...of Viking Artefacts!
From comparisons of length to adding/subtracting the measurements of the Viking objects, we enjoyed using our knowledge of number to even convert our measurements from cm to mm and vice versa.
Viking Research Project
Due in: Tuesday 31st October
We have learnt a lot about the Vikings in the last 6 weeks, so over the next two weeks, why not have a bit of fun, choose any activity below to complete and enjoy sharing your work to the rest of the class after half term!
The Great Fossil Hunters!
Ever wondered what it might be like to be a fossil hunter? How would you excavate a fossil without damaging it and how would you identify the fossil? How is a fossil formed? Why is a fossil important? What even is a fossil? Over the next couple of weeks, we will be answering the questions above through researching and creating our own fossils encased within a sedimentary rock, in order to then carefully excavate and identify each other's work.
There will be more pictures to follow...
Viking Knot Dragons
We have been developing and practising our observational skills by drawing Viking Knot Dragons. We also discussed and explored shading, using pencil. Can you read the Viking Runes on them?
We had a wonderful day with Hrothgar. The children learned about the weapons used at the time, acted out the Viking myth about Freya the goddess of love, played an ancient Viking game, lit a fire and then participated in the funeral ritual for Jarl Borg. It was such a busy, fun and exciting day- the children thoroughly enjoyed it.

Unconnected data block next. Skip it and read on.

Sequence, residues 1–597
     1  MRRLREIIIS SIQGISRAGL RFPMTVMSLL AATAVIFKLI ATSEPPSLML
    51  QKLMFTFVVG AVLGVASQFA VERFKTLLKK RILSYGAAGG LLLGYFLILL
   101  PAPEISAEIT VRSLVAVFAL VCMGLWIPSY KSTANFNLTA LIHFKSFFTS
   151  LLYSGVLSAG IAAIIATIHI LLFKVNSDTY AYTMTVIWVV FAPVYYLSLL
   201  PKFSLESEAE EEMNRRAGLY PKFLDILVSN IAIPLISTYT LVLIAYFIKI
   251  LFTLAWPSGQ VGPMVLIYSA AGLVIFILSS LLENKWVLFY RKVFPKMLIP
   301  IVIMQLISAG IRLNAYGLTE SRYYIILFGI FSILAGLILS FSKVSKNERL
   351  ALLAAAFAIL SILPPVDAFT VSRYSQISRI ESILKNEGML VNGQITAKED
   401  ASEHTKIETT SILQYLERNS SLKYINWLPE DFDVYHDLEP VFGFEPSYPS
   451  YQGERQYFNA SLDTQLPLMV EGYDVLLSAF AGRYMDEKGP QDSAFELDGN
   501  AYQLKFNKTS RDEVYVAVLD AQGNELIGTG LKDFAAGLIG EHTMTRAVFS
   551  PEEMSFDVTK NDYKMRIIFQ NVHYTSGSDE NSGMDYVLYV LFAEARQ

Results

Kingham Village Rock Survey
What is the local rock in Kingham? What different types of rock are used in the area and what jobs do they do? Are there any man-made rocks in the area and what jobs do they do? Are there any rocks that are wearing away? These are all questions we created and thought of before stepping outside to identify the local rock type and why some rocks are selected for purpose.
Year 3’s first taste of Italian, enjoying delizioso pizza, pasta and gelato! In fact, we were enjoying ourselves so much we forget to pick up the camera and take some photos, so here are two of Danny and Lola tasting the last of their spaghetti and ice cream!
Durable, permeable or rocks of high mineral content?
In Science this week, we have been investigating different types of sedimentary, igneous and metamorphic rocks. We completed predictions about which rock would be most or least durable and permeable, before grabbing our magnifying glasses, sandpaper and vinegar to test our ideas. Chalk, limestone, marble, granite or slate? Which type of rock do you think would be most suited to use on our school roof based on its durability and permeability? Have a look at the pictures below to find out what we thought!
Information for the Autumn Term
Here is an overview of what we will be studying this term in Year 3, however as the term progresses and the children's interests broaden, this may very well change!